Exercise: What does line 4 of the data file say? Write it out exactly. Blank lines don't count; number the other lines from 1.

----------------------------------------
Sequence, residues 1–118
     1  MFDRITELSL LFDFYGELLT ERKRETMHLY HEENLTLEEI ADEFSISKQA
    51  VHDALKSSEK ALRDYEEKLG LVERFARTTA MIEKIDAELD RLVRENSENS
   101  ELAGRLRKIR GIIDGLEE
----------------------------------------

   101  ELAGRLRKIR GIIDGLEE